From: Stanford News Service
Published June 11, 2008 09:28 AM

Gap executive urges global manufacturing standards

When clothing giant Gap took its first steps toward corporate responsibility in 1992, it wasn't aiming for anything extraordinary, said Dan Henkle, senior vice president of social responsibility at the San Francisco-based company.

"We were talking about: You must pay the minimum wage, you must pay overtime premiums, you must not have people work more than 60 hours a week—pretty basic things," Henkle told business and academic leaders attending the conference "Socially and Environmentally Responsible Supply Chains" a few weeks ago.


Eventually, Henkle said, Gap wants to achieve a level where social responsibility "is just how we get things done, instead of it being something special."

Gap has made progress toward that goal, releasing its third Corporate Responsibility Report last year. But the way has not been easy. Henkle outlined Gap's programs during the conference, which was sponsored by the Global Supply Chain Management Forum at the Business School.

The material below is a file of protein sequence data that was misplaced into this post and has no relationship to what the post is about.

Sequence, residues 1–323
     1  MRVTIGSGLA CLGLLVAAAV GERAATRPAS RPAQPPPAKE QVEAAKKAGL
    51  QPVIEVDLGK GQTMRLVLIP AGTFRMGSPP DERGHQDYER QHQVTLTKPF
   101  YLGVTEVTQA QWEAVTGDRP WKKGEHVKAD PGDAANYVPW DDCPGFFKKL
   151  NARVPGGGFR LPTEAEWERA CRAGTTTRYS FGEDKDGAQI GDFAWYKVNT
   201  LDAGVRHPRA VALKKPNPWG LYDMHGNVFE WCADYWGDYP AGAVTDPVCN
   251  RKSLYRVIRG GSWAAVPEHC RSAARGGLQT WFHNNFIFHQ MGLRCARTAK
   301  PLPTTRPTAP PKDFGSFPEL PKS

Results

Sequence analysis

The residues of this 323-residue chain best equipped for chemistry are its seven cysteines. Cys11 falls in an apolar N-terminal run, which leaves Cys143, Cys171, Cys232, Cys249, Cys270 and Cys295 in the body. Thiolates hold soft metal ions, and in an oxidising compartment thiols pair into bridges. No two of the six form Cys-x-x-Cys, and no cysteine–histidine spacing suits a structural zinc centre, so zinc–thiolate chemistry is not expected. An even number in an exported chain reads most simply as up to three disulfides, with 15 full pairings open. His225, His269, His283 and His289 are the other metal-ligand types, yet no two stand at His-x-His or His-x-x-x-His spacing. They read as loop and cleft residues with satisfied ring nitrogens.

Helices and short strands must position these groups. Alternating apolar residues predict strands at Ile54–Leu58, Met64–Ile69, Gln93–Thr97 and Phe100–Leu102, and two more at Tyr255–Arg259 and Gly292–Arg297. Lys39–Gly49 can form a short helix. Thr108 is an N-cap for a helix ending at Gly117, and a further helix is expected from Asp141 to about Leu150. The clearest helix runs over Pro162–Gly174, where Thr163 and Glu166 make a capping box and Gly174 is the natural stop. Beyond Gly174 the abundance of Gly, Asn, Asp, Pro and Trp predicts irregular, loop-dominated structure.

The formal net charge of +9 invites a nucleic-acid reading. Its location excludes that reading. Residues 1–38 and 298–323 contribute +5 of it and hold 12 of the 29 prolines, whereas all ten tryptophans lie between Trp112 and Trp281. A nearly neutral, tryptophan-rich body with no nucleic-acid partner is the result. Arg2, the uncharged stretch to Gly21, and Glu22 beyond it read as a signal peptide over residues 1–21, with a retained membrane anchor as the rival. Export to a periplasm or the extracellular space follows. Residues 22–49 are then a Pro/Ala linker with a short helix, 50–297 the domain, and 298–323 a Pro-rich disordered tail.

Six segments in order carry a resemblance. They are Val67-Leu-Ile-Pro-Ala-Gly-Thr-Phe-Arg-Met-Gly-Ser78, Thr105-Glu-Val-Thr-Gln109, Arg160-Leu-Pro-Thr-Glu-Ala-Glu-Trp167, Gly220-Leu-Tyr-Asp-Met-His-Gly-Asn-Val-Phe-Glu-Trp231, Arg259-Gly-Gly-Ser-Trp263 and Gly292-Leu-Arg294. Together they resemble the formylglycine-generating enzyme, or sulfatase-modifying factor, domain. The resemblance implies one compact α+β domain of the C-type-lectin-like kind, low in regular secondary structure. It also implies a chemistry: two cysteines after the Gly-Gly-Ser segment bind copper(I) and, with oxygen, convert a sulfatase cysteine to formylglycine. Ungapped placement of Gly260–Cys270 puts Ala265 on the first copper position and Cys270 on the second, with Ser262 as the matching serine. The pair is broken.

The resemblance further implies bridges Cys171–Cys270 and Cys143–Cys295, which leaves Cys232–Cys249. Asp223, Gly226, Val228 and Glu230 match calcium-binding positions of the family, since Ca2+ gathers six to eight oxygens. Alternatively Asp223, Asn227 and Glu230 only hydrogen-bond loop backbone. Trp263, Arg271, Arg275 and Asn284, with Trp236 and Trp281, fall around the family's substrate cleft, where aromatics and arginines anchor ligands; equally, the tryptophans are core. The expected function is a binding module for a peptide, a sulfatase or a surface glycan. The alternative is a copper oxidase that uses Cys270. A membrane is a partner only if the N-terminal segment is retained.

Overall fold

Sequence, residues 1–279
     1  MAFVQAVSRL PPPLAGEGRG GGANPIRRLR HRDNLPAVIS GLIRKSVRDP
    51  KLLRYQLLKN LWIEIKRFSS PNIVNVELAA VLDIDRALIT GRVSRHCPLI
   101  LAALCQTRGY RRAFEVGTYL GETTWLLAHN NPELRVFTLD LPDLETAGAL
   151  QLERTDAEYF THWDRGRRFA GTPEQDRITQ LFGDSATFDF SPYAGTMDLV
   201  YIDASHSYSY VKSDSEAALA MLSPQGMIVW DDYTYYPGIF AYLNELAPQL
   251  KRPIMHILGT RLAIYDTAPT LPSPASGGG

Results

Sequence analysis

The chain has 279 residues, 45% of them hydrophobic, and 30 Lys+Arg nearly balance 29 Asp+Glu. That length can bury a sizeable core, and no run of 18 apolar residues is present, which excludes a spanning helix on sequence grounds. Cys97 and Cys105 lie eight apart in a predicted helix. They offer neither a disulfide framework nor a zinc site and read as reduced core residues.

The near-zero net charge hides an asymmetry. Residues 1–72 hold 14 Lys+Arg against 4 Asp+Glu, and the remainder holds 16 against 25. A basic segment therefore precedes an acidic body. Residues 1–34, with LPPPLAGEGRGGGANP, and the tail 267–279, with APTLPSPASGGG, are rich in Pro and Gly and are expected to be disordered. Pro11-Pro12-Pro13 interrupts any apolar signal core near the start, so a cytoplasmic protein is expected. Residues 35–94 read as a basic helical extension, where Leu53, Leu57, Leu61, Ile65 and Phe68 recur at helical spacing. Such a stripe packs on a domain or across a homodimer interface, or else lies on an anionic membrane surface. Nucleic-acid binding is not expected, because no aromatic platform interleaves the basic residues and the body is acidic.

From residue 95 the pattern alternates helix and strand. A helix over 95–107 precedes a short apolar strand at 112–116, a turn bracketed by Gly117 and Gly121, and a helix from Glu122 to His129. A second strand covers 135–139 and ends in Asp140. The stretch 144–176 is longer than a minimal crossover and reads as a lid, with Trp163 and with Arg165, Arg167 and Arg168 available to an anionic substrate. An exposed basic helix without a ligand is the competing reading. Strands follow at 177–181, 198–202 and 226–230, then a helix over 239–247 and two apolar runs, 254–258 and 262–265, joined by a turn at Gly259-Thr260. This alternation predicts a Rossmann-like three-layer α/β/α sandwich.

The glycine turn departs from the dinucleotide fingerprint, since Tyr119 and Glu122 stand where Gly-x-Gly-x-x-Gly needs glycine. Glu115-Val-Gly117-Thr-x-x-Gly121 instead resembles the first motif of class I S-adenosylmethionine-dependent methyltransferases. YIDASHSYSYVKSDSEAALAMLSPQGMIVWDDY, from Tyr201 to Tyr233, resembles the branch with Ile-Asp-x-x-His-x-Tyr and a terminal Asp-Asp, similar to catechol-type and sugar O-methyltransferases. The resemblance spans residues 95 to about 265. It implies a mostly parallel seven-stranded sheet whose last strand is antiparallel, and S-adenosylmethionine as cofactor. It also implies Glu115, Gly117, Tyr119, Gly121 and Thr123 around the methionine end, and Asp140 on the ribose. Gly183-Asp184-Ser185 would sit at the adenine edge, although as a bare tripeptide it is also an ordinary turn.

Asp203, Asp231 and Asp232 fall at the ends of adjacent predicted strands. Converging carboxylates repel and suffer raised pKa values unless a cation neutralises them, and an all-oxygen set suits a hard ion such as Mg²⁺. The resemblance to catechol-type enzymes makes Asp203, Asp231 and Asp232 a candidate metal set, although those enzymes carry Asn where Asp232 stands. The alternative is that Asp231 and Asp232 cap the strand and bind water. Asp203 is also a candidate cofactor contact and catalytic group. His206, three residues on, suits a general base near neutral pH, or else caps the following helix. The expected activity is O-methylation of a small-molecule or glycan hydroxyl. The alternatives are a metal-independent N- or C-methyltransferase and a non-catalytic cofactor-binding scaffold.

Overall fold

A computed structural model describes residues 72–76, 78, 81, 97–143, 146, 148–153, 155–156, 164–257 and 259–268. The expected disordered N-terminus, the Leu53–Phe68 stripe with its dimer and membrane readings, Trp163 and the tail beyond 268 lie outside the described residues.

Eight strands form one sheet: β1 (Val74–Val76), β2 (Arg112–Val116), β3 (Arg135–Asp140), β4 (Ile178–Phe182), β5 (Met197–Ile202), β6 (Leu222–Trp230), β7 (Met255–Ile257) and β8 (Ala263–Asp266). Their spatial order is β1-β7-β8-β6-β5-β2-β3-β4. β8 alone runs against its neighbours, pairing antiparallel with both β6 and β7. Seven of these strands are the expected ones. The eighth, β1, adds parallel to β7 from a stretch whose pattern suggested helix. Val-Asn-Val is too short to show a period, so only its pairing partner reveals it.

Henkle oversees Gap's factory monitoring, community investment and environmental affairs efforts.

One major challenge, Henkle said, is that while production now takes place globally, there is not a global regulatory system to set and enforce rules for companies to follow. Gap monitors 2,000 garment factories in 50 countries and conducts about 4,000 inspections annually. But a lack of standards means duplication. One factory that makes items for Gap and other companies underwent 98 performance audits in one year. "It's absolutely absurd," said Henkle. "I think there needs to be a leveraging of strengths across these organizations."

Gap rates its factories and is looking to shift more production to the facilities rated as top performers to encourage more suppliers to operate responsibly.

There is also another incentive to use high-performing firms. Company officials noticed low-performing factories often had delivery problems and poor-quality issues. Said Henkle: "I do believe that if you are doing social responsibility well, you're probably doing a lot of things well."

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